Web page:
Sampson’s Clerk of Superior Court Norman Wayne Naylor informed his staff Wednesday that he intends to step down at the end of the year and has endorsed the appointment of fellow Republican Dwight Williams Jr. to fill out his unexpired term.
Naylor is currently in his fourth term as Clerk of Superior Court, a post he has held since 2002. His current term will end in 2018. He told his staff he will be retiring on Dec. 31, 2017 and wants Williams to begin Jan. 1, 2018 and serve out the remaining 11 months of his term, Williams confirmed by phone Thursday afternoon.
He said he met with Naylor Wednesday morning prior to Naylor’s meeting with staff.
“He asked if I would fill his unexpired term. I told him I was humbly honored and I’ve agreed to it, yes,” Williams said. “I have had a desire most of my adult life to serve the people of Sampson County in any way that I could. I have done so in several ways as the opportunity has availed itself.”
Williams has been a force in the Sampson County Republican Party for years, serving as a precinct chairman, precinct judge, county treasurer, county vice-chairman and ultimately as chairman, a position he held for more than five years. Williams also served for a short time on the three-member Sampson Board of Elections.
“I’ve been approached a number of times to serve in some elected capacity, but the time never seemed to be right,” said Williams. “This time it does.”
He said Naylor has “served Sampson County with distinction,” and pledged to do the same.
Any appointment will have to be approved by Senior Resident Superior Court Judge W. Douglas Parsons of the 4A Judicial District, which includes Sampson.
“It is my hope that Judge Parsons will give me consideration for the position,” Williams stated. “My management style is simple — listen to those you serve first. Listen to those you employ second. Then, strive to fulfill the needs of both without conflict.”
Some media outlets were reportedly notified of Naylor’s impending announcement, however The Sampson Independent was excluded due to perceived unfair treatment of Naylor, sources said.
In June, The Independent broke news of the firing of former deputy clerk Chris Driver, who served as a deputy clerk for nearly four years. Driver told The Independent he was fired from his job on June 2, a day after informing Naylor of his intentions to run for Clerk of Court. He officially announced he would run for Clerk of Court the following week.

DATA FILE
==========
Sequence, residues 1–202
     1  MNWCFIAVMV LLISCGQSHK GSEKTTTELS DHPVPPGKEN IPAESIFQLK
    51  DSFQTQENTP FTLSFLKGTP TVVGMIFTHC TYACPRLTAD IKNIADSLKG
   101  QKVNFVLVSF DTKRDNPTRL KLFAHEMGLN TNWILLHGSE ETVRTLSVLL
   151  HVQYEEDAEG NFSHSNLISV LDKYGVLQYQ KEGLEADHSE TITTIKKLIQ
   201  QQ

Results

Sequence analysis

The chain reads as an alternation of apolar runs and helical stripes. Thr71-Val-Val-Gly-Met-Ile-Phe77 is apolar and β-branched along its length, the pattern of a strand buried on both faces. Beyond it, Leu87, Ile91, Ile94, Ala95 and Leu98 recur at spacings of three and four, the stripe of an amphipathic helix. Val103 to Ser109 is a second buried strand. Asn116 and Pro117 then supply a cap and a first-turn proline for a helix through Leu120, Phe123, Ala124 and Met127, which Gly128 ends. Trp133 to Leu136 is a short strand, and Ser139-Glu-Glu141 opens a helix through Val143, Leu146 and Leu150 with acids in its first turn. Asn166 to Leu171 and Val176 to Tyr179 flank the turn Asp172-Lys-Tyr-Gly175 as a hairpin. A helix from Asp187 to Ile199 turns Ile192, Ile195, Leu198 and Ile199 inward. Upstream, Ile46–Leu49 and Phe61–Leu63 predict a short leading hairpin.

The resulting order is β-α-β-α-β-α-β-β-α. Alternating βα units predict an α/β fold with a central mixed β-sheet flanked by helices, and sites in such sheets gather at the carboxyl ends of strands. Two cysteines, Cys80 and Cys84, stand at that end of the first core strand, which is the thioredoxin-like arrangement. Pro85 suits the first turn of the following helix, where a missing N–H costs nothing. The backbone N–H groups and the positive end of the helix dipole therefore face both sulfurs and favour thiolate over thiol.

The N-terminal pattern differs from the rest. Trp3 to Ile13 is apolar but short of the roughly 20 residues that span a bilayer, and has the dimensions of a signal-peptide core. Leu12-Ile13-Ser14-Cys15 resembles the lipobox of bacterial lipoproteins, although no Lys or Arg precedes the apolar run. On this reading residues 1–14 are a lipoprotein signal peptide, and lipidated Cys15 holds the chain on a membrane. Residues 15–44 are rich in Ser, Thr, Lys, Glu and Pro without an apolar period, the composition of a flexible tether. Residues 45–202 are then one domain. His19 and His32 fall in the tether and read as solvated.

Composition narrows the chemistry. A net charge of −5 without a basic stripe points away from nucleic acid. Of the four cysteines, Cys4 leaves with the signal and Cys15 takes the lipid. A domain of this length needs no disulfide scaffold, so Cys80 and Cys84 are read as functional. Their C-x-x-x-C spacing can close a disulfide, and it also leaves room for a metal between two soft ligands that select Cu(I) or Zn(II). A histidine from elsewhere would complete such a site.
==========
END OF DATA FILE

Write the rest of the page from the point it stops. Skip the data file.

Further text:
When reached at his office following Driver’s announcement in June, Naylor declined comment about the firing. A former Sampson County commissioner, Sampson Regional Medical Center trustee and Herring volunteer firefighter, Naylor ran unopposed in the November 2014 election and said in June he would seek another term in 2018.
Now, he appears to have backed off that statement, backing Williams to take up the reins in his stead.
Williams is a lifetime resident of the Vann Crossroads community of Sampson, attending Herring Elementary and Midway High School, graduating in 1969. He graduated from N.C. State University in 1973 with a Bachelor of Science in biological and agricultural engineering.
He worked with the family farming operation for a number of years, with H.N. Carr, Inc. of Clinton for a short time and then for the next 27 years with the North Carolina Farm Bureau Insurance and American Farm Bureau Insurance Services in their Crop Insurance Divisions. He served in various managerial capacities until his retirement at the end of 2014.
Since January 2015, Williams has served as district director for Congressman David Rouzer in North Carolina’s 7th Congressional District. He has also served on the advisory board for BB&T Bank, and its prior local affiliates, since 1985.
Williams has been married twice, first to Kay Lindsay of Suttontown for 25 years before her passing in 2000. In 2008, Williams married Debbie Larrick Hobbs of Lillington. Between them, they have two sons, two daughters and three grandchildren, with another granddaughter due this month.
He is a member of Hopewell United Methodist Church, serving in multiple capacities, notably as music director for more than 25 years. He hopes his next endeavor is inside the Clerk of Court’s office.
“This is probably as good an opportunity as I’ll ever have in my lifetime,” Williams said. “I’m looking forward to it, if it comes to pass.”
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